T.H.ursday with Tom Hill
(Photos taken at Harris Hill, glider site, in Elmyra New York.)
One of the best pieces of advice I have ever been given about flying and emergencies is this:
"When you first encounter the emergency,
wind the clock."
I'm sure lots of you are saying, "huh?!" Yep, that's the advice: "Wind the clock." What does it mean? It means do not jump to conclusions and make a bad thing worse.
Back in the bad-old-days of analog watches -- those were days when people actually wore watches on their wrists, by the way -- military aircraft were configured with simple clocks that rarely kept good time and always seemed to need winding. It took a lot of winding before the second hand moved. The advice was really a way to distract you after first encountering an emergency. There's lots of goodness to this advice. I'll explain.
When I first entered training and was taught how to deal with emergencies, one thing I was not taught was "calm down." The typical emergency exercise was a quick affair requiring prompt and immediate action. Most instructors didn't appreciate delays or deep thought by their students. Such actions were perceived as ways to stall, which were rewarded with more problems on top of the initial indications. Your failed engine might turn into a fire problem. If that didn't cause action, then the instructor would add more -- say, the wing would catch fire -- until there was no way to solve the problem, which resulted in an inevitable crash. Of course, the desired effect was prompt, immediate action by the student. Students learned to assess and tackle emergencies as quickly as possible, which looked like some sort of karate exercise with all the switch accusations and lever pulls some solutions required..
There's a problem with this training approach. Most emergencies will not result in immediate catastrophic failure. Except for a few things, modern aircraft are not so vulnerable that single points of failure will result in dramatic results if not dealt with immediately. In fact, if the problem was so large that imminent death might result, the problem may have no solution at all, leaving the pilot with nothing to karate chop through.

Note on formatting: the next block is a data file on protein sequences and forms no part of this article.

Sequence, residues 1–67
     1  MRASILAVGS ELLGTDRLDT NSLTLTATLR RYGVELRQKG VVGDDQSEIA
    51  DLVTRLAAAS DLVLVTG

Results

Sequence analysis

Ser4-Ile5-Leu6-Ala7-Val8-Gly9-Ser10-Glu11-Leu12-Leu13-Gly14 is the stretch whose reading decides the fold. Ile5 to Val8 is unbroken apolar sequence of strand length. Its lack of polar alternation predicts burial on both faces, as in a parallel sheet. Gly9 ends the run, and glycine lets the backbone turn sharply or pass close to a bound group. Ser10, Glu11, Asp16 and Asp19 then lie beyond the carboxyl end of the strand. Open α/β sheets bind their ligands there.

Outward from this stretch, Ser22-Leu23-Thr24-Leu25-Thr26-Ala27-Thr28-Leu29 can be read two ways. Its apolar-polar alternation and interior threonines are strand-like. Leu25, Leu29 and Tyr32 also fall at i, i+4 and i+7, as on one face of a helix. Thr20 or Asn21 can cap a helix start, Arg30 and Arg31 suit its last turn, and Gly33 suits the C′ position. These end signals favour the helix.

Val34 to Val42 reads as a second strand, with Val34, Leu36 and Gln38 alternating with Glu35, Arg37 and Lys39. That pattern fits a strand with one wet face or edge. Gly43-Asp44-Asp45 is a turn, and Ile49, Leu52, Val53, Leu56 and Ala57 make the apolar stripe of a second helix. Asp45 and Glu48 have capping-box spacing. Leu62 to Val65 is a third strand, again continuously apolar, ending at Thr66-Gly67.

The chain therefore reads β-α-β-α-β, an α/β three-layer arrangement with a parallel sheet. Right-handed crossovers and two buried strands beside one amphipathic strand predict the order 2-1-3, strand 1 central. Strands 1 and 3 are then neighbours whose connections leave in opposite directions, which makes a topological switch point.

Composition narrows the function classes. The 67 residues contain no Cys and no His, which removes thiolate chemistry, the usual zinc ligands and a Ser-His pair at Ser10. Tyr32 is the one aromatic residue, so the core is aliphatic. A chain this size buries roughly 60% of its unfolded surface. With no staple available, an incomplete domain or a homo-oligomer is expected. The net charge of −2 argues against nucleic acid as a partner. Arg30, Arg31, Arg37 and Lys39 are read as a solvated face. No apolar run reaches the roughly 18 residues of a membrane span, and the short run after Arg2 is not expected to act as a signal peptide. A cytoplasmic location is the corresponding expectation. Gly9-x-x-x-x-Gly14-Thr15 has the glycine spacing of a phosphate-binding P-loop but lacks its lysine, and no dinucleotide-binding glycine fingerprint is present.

The real problem, and one we have all seen first hand, is inaccurate diagnosis. Inaccurate diagnosis causes the aircrew to solve the wrong problem. Most of us multi-engine pilots know the hazards of grabbing wrong levers and accidentally shutting off a good engine, leaving the bad one to burn away. Every few years the Air Force relearns this lesson--don't shutoff the wrong engine. We have lots and lots of procedures and techniques institutionalized to prevent this type of thing from happening, yet the problem persists. That is because the basic problem was not addressed -- accurate diagnosis. This leads to the advice: "Wind the clock."
The Air Force teaches its aviation neophytes a saying to help deal with emergencies: "Maintain aircraft control, analyze the situation, then take proper action. Land as soon as conditions permit." This is simply the spelled-out version of "wind the clock." Nowhere in this litany does it say "karate chop through the emergency." In fact, it emphasizes what is most important, and in the right order of importance.
After Test Pilot School, I went back to the F-15 schoolhouse to get re-qualified. I had been out of the F15 for three years. Part of the discipline pounded into us at TPS was the discipline of the checklist. As powerful as it is, using a checklist step by step by step takes time. This is especially true if you're flying by yourself. The auto-pilot doesn't work, it's night, you're in a simulated cloud. It can take forever for some.
The F-15 community prides itself to a large degree on the thoroughness of its training. Graduates know the aircraft inside and out. This is especially true of the emergency procedures. So thorough is the training that there are no memorized procedures on the checklist. There are no CAPS or Boldface for aborting on the runway or for engine, fire, thrust-loss on take-off and such, as you would with other aircraft. How do they get away with that? Because the training makes you memorize the whole darn thing. Sure you have a checklist but it's for "reference purposes only," meaning you should have accomplished all the procedures before referring to the thing -- which kind of ignores the whole point of a checklist, doesn't it?
One day, I was in my final practice emergency procedure simulator, during which the operator/instructor got to dial-a-disaster any way he wanted. It's supposed to be tough, a rite of passage in a way. Unfortunately, I disrupted his plan for my death and destruction by tackling the important things first, then diligently reading and confirming every step on my checklist. Of course, this took a lot longer than he planned. We didn't cover as many scenarios as he thought we would. And, I didn't crash once. We ran out of time before we got to his favorite epic Kobayashi-Maru style failure, which always caused a student to crash.
During the debrief, we had a disagreement on the utility of checklists. The instructor accused me of using it as a crutch for my seeming lack of knowledge about the aircraft. Of course, I disagreed. In retrospect, I think he was more upset about not being able to do his full dial-a-disaster plan than my use of checklists. At least I hope that's what he was upset about.
To this day, I make it a point to brief my crew mates that I won't karate chop my way through an emergency, "just 'cause." I had better have a really good reason to do procedures off of memory, versus reviewing them in the tech order first. Yes, there are times when you will do things from memory -- there was the pumping the gear down on final at night in Anchorage, which is a great learning story. But mostly, stick to the checklist. And wind the clock.
Photos by Tom Hill